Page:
HONG KONG (Reuters) - China’s campaign to bring cleaner, low-emission vehicles to its roads may take a back seat as the government seeks first to stimulate growth and counter dwindling sales in the world’s largest car market.
Battery and car maker BYD Ltd (1211.HK) and other Chinese auto manufacturers with ambitions to be among the first globally to market all-electric vehicles are pinning their hopes on regulatory support to spur demand.
But creating an emission-free vehicle market for China is unlikely to be a priority. While China has made much progress in setting standards regulating vehicle emissions, it has not gone as far as providing incentives for individual buyers of the expensive, but low-polluting cars.
“I hope government subsidies can help boost demand, because this is good technology, though expensive compared to conventional cars,” Henry Li, general manager for BYD’s auto unit, said in an interview at the firm’s Shenzhen headquarters.
China, the fastest growing major market for vehicles, is also the world’s largest emitter of greenhouse gases.
Car sales growth in China, which overtook the United States in January to become the world’s largest auto market, slowed to a single-digit rate in 2008 for the first time in at least 10 years as consumer confidence waned in a slowing economy, spurring government steps to bolster demand.
To lure buyers back into showrooms, Beijing in January unveiled a raft of policies including halving the auto purchase tax for cars with engine sizes below 1.6 liters. The government also scrapped some road fees and offered subsidies for farmers to boost demand for fuel-efficient vehicles in rural areas.
But given the high cost of developing hybrid and all-electric cars, automakers require more than the lifting of road fees and tax breaks to stimulate demand, experts said.
“There should be some incentives in place to convince consumers to switch to electric cars,” said Sinling Chung, chief executive officer of Hong Kong-based EuAuto Technology Ltd, which recently began marketing a China-made microcar in Europe.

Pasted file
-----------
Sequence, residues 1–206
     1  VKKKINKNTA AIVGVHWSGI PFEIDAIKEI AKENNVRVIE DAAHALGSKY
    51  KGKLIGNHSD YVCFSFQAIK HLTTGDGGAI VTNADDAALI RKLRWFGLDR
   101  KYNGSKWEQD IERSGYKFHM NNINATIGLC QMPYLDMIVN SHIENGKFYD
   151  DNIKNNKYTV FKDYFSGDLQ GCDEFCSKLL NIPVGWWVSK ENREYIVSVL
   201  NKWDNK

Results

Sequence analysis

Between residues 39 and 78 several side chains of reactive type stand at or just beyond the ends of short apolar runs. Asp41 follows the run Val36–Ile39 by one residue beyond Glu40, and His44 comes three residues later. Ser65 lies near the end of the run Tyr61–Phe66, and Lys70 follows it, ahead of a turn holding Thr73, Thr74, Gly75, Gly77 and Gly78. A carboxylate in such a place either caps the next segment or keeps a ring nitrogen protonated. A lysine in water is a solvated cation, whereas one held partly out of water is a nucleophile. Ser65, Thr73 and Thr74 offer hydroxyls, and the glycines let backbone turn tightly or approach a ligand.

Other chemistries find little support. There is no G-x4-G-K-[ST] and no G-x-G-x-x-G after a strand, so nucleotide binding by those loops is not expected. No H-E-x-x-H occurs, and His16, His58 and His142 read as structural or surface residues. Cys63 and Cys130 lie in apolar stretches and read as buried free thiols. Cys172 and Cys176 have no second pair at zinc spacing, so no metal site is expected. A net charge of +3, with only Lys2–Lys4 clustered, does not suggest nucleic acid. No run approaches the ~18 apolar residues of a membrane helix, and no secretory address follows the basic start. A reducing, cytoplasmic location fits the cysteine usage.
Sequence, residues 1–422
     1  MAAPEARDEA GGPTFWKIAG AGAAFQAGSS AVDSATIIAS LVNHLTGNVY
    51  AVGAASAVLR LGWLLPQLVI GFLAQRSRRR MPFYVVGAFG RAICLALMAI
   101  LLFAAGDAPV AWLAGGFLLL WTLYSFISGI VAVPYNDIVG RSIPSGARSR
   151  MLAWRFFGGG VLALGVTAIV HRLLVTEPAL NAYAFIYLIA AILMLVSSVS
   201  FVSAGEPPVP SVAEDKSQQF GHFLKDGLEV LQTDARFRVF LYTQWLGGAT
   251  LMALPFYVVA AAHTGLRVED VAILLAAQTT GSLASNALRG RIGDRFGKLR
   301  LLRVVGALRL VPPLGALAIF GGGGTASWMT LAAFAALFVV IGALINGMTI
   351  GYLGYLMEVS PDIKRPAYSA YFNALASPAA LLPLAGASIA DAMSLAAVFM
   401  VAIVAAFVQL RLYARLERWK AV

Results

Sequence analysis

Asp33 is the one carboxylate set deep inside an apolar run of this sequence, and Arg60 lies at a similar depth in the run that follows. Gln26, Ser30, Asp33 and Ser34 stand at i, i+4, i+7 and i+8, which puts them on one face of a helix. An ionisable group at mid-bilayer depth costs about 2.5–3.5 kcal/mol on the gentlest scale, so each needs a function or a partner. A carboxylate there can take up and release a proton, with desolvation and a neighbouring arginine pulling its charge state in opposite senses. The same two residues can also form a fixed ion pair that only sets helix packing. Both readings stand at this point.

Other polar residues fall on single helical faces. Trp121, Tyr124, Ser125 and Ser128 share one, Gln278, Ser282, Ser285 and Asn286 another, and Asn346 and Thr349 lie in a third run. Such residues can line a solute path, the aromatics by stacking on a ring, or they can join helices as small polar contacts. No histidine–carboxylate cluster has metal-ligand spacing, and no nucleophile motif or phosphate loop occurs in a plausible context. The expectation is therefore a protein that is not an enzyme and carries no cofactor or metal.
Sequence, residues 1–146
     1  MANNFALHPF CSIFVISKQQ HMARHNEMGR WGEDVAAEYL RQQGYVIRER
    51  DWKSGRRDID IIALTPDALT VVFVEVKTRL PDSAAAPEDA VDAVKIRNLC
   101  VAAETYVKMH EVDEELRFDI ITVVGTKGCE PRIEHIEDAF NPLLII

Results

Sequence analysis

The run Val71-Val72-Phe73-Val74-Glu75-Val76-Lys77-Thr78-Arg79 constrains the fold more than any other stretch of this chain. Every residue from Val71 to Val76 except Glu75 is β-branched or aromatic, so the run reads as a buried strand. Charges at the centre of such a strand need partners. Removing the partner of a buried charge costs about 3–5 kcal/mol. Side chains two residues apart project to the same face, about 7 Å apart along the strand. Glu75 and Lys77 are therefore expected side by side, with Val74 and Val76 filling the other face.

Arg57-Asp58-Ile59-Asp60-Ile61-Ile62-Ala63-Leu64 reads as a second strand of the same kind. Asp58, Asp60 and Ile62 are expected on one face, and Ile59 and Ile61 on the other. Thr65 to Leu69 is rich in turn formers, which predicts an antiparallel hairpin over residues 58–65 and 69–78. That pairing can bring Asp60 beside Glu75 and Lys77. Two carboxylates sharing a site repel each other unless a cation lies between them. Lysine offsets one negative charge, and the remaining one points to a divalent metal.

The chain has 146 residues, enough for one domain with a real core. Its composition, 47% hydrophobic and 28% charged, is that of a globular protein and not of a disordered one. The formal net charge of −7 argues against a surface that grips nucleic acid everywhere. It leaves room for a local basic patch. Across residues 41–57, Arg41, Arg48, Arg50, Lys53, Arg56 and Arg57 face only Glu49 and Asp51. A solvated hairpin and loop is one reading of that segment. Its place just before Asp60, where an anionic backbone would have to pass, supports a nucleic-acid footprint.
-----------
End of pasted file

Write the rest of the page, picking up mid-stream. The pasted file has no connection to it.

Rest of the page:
“There is also the issue of infrastructure. At some point car owners will need juice points where they can park and plug in the cars,” said Chung in an interview at EuAuto’s Shenzhen plant.
EuAuto plans to sell its two-door micro cars in China within three years, but has turned first to Europe, where subsidies for consumers help drive demand for electric cars.
BYD started selling a plug-in electric hybrid car in December, called the F3 dual-mode or F3DM, which charges through a conventional home outlet and is supported by a small petrol engine. BYD, known for its cellphone batteries and famous investor, Warren Buffett, plans to roll out its all-electric car, the e6, later this year. That could make it the world’s first commercially-distributed electric car.
More established Chinese carmakers have also been developing hybrid and all-electric cars.
Wuhu-based Chery Automobile built a hybrid model, the A5, and unveiled a prototype of its pure electric car, the S18 in February, while Shanghai General Motors Ltd, the 50-50 joint venture between General Motors Corp (GM.N) and SAIC Motor Corp (600104.SS), introduced the Buick LaCrosse Eco-hybrid in China last July.
The expensive cars, however, have not been flying out of showrooms.
BYD’s F3DM sells at about 150,000 yuan ($21,935), which is 30-40 percent cheaper than Toyota’s (7203.T) Prius in China. It is still double the cost of a comparable gasoline-powered car.
Toyota’s Prius, whose battery stores energy from the engine to boost car power, sold 3,465 units from 2006 to 2008 in China -- fewer than expected, according to Daiwai analyst Ricon Xia.
Honda Motor Co (7267.T) put off plans to produce its hybrid model locally due to poor market response to its Hybrid Civic, Xia said, while Shanghai GM’s LaCrosse sold less than 600 units in the second half of last year.
China stepped up its support of green vehicles in January, offering up to 500,000 yuan in subsidies for companies and agencies purchasing electric vehicles for fleet use.
While the move was seen as positive for makers of green cars, experts say it will do very little to create demand unless subsidies are extended to individual car buyers.
“Extending a subsidy to a mass market will be a powerful incentive, but requires a lot of money,” said JP Morgan analyst Charles Guo.
“There may be some debate whether this is necessary, so it’s unlikely for the program to be expanded near term,” he said.
For now, Beijing is more focused on driving consolidation in its fragmented and overcrowded car industry.
Beijing is widely expected to soon issue a detailed plan allowing big state-run companies to take over smaller rivals.
“The most important thing for the government right now is to increase demand and restructure the sector, ” said Vivien Chan, analyst with SinoPac Securities (Asia) Ltd. “Developing the green car segment is secondary to all the other objectives.”
Additional reporting by Fang Yan in SHANGHAI; Editing by Tony Munroe and Lincoln Feast